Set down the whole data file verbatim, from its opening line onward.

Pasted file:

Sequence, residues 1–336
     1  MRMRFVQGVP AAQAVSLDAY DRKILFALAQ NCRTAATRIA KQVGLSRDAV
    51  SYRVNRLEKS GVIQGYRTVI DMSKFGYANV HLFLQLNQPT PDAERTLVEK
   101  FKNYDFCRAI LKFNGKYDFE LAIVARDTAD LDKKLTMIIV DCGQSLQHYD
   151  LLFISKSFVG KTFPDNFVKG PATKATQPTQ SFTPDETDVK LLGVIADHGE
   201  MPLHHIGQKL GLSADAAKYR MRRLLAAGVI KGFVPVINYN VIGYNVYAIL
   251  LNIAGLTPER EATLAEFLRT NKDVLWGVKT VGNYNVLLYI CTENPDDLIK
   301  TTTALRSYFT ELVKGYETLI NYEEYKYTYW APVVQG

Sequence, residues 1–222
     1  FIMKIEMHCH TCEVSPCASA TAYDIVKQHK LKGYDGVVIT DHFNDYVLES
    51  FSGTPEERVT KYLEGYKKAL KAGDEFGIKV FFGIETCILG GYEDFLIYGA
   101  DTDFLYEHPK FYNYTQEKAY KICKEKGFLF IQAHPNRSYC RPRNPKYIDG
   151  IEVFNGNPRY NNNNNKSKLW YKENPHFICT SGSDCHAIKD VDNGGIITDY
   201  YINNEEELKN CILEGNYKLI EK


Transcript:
Sequence, residues 1–336
     1  MRMRFVQGVP AAQAVSLDAY DRKILFALAQ NCRTAATRIA KQVGLSRDAV
    51  SYRVNRLEKS GVIQGYRTVI DMSKFGYANV HLFLQLNQPT PDAERTLVEK
   101  FKNYDFCRAI LKFNGKYDFE LAIVARDTAD LDKKLTMIIV DCGQSLQHYD
   151  LLFISKSFVG KTFPDNFVKG PATKATQPTQ SFTPDETDVK LLGVIADHGE
   201  MPLHHIGQKL GLSADAAKYR MRRLLAAGVI KGFVPVINYN VIGYNVYAIL
   251  LNIAGLTPER EATLAEFLRT NKDVLWGVKT VGNYNVLLYI CTENPDDLIK
   301  TTTALRSYFT ELVKGYETLI NYEEYKYTYW APVVQG

Sequence, residues 1–222
     1  FIMKIEMHCH TCEVSPCASA TAYDIVKQHK LKGYDGVVIT DHFNDYVLES
    51  FSGTPEERVT KYLEGYKKAL KAGDEFGIKV FFGIETCILG GYEDFLIYGA
   101  DTDFLYEHPK FYNYTQEKAY KICKEKGFLF IQAHPNRSYC RPRNPKYIDG
   151  IEVFNGNPRY NNNNNKSKLW YKENPHFICT SGSDCHAIKD VDNGGIITDY
   201  YINNEEELKN CILEGNYKLI EK